She is a VERY careful mare, and I have a shorter 3-hour trip coming up where I could try out one or more of these ideas. I want to make sure she’s as comfortable as possible on an 18-20 hour trip. I’m guessing we’ll split it into 3 days on the way up and 2 days on the way down. I definitely want to make sure there’s no chance of her falling since she’s pregnant.

I have also been looking into rules about whether I could ride in the LQ of the trailer so I could watch her more carefully as my husband drives. Since there is a door from the LQ to the horse area, I could even keep it open and keep an eye on her all the time. I know it’s not super safe in the back of a trailer (I just an RV that overturned the other day and nothing was left of it), but if we drive very carefully and it’s legal I may consider it.

Thank you!
Allison

I would give her two stalls, whichever two work for the rest of the stuff you are hauling. (If you want the golf cart up front, then give her the last two. Or give her the middle two if that works better.)

My old slant load did not have a butt bar and it never caused a problem. As long as there is a butterfly latch (the pole on the outside of the door with hooks that catch top and bottom) I am not concerned about them getting out of that door.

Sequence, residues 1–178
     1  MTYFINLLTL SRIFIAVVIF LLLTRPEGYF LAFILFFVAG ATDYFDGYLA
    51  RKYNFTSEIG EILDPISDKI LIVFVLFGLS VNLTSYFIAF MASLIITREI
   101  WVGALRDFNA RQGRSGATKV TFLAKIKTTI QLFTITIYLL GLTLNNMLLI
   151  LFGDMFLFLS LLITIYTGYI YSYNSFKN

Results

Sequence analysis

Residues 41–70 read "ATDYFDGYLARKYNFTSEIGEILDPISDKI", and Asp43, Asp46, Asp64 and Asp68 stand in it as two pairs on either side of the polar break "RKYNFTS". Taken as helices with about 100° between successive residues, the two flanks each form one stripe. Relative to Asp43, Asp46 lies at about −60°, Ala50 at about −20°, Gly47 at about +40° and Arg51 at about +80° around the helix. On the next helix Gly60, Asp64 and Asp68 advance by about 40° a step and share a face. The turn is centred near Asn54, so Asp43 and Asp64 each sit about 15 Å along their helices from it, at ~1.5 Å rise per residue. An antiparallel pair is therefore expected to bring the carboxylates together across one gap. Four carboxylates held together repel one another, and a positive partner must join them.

I would put in a camera system before I would ride in the horse trailer. We just brought a 3yo home about 8 hours and it was very reassuring to see him on the screen with all four feet on the floor. Most of the time anyway.

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I have done up to 16 hours a day of hauling, and I tend to leave the dividers in place as I feel they would protect the horse from being flung around in case of an accident. My horses have always arrived with no issues.

I use shavings on the floor of the trailer, not so deep as to make the horse unsteady, but enough to absorb urine and wet manure. I will make sure the shavings are damp, to avoid dust and to cool the horses feet.

I ALWAYS, ALWAYS, ALWAYS lock all my trailer doors, every one of them. The door keys are on my truck key ring.

I have a friend who stopped for dinner on the way home from a show. After eating, he pulled back on the road, only to see the rear trailer door swing out into traffic. He knew it had been closed and latched when he pulled into the restaurant as he had checked before he went in. His mistake was he didn’t check before pulling back out.

Do not ride in the trailer. It is not safe, and in most states not legal. People have died from carbon monoxide poisoning from riding in the living quarters while in route.

Cameras are not that expensive and relatively easy to install if you are that concerned.

If you have to put the golf cart in the horse trailer I’d put it in first and then give your horse the last 2 stalls.

Agreed with the others, do not ride in the horse trailer living quarters because they lack the safety features your passenger vehicle has.